persecution, he mounted a horse at once and rode with all possible speed to the scene of action, merely stopping on his way through Darvel to induce John Morton, the village blacksmith, to accompany him and assist with his brawny arm to discomfit the foe. Both were of immense service to the Covenanters, for they fell into their ranks in time to take part in the successful charge which decided the fate of the battle. In the thick of the fight, the smith encountered a dragoon entangled in the trappings of his wounded horse, and was about to despatch him, but being moved by the man's piteous appeal for mercy, he disarmed him and led him from the field a prisoner. Many of the Covenanters, however, were less humane, and demanded the dragoon's life, but this the smith strongly objected to, and declared that whoever touched a hair of his head would suffer, for having given the man quarter he would defend his life at the risk of his own. None feeling inclined to cross swords with the resolute blacksmith, he was allowed to have his own way, and to this day the dragoon's sword is preserved by his descendants in Darvel.
Besides the above, there are rude memorials of Cove nanting times to the memory of John Gebbie, John Morton, and others. Gebbie fought at Drumclog, and was carried off the field mortally wounded, and, like the mighty Nelson, died with the shouts of victory ringing in his
Morton was shot by Claverhouse at the same engage ment.
After spending a reflective hour in the churchyard, and enjoying a look through the town, I sought out the terminus of the Galston branch of the South-Western Railway. Near it is the scene of Ramsay's popular song,
“ The Lass o Patie's Mill.” The mill is modern, and occupies the site of the erection which graced the bank of the Irvine in Ramsay's day, but the field wherein the rustic beauty was making hay when she attracted the attention of the Earl of Loudoun is still pointed out, and although one hundred and fifty years have passed since the event the stranger still stops by the brink of the stream and enquires for the song-hallowed scene. The story is well known. It appears that the poet and the Earl were riding along the highway when it occurred to the latter that the comely appearance of the “ lass” would form a fit subject for Allan's muse. At the suggestion the bard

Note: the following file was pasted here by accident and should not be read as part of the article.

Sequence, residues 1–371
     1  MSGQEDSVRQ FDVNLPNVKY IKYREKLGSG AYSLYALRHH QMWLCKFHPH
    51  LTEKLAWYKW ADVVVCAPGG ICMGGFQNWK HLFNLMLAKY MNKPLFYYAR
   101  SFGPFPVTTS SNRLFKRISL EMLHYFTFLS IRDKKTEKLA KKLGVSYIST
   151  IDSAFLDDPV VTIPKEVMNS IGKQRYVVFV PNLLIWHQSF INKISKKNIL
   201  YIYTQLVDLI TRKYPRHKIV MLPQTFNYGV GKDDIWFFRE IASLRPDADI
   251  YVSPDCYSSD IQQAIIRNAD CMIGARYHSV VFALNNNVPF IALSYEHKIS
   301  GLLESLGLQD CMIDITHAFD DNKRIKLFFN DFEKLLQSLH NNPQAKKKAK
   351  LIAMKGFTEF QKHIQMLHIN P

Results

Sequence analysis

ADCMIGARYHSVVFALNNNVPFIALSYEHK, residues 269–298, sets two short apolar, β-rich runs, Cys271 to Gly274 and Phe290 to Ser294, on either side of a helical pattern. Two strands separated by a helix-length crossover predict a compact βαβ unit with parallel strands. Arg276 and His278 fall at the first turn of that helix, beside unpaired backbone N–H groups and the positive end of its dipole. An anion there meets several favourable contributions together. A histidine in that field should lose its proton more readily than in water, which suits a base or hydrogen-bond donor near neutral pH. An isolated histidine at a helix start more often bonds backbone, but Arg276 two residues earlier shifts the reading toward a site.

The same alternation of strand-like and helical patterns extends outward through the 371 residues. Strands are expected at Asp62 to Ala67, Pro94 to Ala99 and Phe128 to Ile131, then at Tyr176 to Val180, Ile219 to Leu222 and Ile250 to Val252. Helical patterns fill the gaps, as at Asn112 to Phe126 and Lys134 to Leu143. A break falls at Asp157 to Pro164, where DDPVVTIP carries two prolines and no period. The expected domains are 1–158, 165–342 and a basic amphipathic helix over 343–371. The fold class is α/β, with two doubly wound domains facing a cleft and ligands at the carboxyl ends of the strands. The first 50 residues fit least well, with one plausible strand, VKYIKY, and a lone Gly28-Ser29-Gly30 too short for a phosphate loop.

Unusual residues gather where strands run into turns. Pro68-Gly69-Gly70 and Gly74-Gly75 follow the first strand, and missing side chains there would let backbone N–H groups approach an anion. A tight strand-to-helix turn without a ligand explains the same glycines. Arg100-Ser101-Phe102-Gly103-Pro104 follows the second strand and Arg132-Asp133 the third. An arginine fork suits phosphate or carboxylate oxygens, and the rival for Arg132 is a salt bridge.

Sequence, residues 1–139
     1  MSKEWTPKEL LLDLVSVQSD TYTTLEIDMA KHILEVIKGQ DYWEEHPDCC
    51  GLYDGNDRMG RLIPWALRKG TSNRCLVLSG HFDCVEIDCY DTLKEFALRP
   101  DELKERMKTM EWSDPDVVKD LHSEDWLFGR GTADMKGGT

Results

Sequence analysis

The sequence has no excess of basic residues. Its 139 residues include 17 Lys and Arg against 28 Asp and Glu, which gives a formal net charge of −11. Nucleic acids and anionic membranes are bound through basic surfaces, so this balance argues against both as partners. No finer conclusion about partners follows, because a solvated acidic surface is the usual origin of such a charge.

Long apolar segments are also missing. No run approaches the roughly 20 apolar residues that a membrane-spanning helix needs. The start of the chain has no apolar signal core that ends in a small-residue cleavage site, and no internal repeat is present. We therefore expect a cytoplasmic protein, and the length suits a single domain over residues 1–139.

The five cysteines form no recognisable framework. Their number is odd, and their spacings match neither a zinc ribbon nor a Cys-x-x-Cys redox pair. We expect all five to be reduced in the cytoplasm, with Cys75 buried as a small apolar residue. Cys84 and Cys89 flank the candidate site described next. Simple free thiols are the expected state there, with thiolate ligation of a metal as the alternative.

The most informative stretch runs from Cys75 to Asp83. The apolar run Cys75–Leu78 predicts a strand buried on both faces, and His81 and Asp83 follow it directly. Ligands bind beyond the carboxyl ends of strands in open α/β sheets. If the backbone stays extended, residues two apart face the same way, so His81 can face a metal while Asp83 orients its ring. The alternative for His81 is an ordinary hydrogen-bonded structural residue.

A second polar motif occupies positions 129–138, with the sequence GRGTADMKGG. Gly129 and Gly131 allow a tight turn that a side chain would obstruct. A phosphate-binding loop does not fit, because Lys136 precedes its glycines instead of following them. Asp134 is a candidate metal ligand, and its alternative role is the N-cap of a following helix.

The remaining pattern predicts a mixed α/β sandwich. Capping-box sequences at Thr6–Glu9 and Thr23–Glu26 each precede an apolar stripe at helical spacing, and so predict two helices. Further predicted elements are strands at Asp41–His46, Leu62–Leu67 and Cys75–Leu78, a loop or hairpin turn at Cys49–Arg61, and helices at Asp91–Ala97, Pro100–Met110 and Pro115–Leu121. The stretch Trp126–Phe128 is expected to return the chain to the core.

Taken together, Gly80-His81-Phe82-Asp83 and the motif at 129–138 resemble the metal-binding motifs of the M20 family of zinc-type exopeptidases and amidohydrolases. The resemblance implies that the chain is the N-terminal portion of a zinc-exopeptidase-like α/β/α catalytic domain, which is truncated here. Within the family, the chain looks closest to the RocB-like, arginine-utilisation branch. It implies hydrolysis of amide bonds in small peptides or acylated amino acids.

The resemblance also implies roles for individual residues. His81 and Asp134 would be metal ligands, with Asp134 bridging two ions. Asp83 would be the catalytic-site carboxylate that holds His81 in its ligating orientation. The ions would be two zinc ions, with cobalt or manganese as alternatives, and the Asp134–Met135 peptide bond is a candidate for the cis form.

lagged behind, composed the ditty, and produced it the same afternoon at dinner. The train being due, I bade “Loudoun's bonnie woods and braes a fond and somewhat reluctant farewell, and in a short time reached Kilmarnock, for a seven mile journey is a mere nothing in these days of railways and telegraphs.
FROM KILMARNOCK TO DUMFRIESSHIRE-NOTES BY THE WAY—AULD
GIRTH AND ITS SCENERY-THE HOTEL-ON THE ROAD TO
AND ITS ASSOCIATIONS.
Having realised £500 by the sale of the Edinburgh edition of his poems, Burns was enabled to live for a time on his means, and to indulge in tours through Berwickshire and the North of England ; and also, the Highlands, by Inveraray, Lochlomond, Dunkeld, CastleGordon, and Inverness. In the course of these excursions he was received by men of rank and taste, and by the people generally with the most gratifying marks of respect for his brilliant talents, frank manners, and fluent conversation secured him many friends. In referring to his return to Mossgiel, Dr Currie says, “ It will easily be conceived with what pleasure and pride he was received by his mother, his brothers, and sisters.
He left them poor and comparatively friendless; he returned to them high in public estimation and easy in circumstances. He returned to them unchanged in his ardent affections, and ready to share with them to the uttermost farthing the pittance that fortune had bestowed.”
With characteristic generosity of heart he handed his brother Gilbert £180 to relieve him from the embarrassment in which he was involved by the sterile soil of an ungenial farm, and, despite the seductive power of "Clarinda"-a talented lady of fashion whose acquaintance he made in Edinburgh-married his much-loved Jean, and began to look about for the means to earn daily bread. In this world every man is left to work out his own fate, and it depends greatly upon the he steers what that fate is. Burns at this period of his history was still “without an aim," and still far from the enjoy